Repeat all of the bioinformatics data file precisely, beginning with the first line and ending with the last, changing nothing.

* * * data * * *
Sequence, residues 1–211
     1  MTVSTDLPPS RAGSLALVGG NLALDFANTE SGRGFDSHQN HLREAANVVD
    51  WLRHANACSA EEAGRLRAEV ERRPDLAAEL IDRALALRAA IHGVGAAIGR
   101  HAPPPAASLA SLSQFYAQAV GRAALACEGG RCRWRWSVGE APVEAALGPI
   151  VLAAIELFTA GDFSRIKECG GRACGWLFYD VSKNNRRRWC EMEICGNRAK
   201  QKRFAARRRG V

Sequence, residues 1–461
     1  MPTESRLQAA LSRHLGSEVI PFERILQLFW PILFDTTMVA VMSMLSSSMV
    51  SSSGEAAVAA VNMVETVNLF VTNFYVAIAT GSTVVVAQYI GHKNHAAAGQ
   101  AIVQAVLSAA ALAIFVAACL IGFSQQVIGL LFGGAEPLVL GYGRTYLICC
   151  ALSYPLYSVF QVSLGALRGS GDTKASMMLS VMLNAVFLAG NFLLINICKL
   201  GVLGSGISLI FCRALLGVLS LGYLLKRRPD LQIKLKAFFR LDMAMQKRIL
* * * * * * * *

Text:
Sequence, residues 1–211
     1  MTVSTDLPPS RAGSLALVGG NLALDFANTE SGRGFDSHQN HLREAANVVD
    51  WLRHANACSA EEAGRLRAEV ERRPDLAAEL IDRALALRAA IHGVGAAIGR
   101  HAPPPAASLA SLSQFYAQAV GRAALACEGG RCRWRWSVGE APVEAALGPI
   151  VLAAIELFTA GDFSRIKECG GRACGWLFYD VSKNNRRRWC EMEICGNRAK
   201  QKRFAARRRG V

Sequence, residues 1–461
     1  MPTESRLQAA LSRHLGSEVI PFERILQLFW PILFDTTMVA VMSMLSSSMV
    51  SSSGEAAVAA VNMVETVNLF VTNFYVAIAT GSTVVVAQYI GHKNHAAAGQ
   101  AIVQAVLSAA ALAIFVAACL IGFSQQVIGL LFGGAEPLVL GYGRTYLICC
   151  ALSYPLYSVF QVSLGALRGS GDTKASMMLS VMLNAVFLAG NFLLINICKL
   201  GVLGSGISLI FCRALLGVLS LGYLLKRRPD LQIKLKAFFR LDMAMQKRIL